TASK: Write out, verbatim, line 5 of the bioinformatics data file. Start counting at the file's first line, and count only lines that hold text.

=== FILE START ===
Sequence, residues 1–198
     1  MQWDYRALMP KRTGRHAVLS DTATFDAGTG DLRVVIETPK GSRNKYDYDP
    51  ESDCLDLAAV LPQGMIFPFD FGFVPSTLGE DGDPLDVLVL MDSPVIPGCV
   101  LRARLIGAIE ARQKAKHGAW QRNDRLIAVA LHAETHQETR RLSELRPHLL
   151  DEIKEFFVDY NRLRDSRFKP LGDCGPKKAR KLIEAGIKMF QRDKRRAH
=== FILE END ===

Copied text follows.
   151  DEIKEFFVDY NRLRDSRFKP LGDCGPKKAR KLIEAGIKMF QRDKRRAH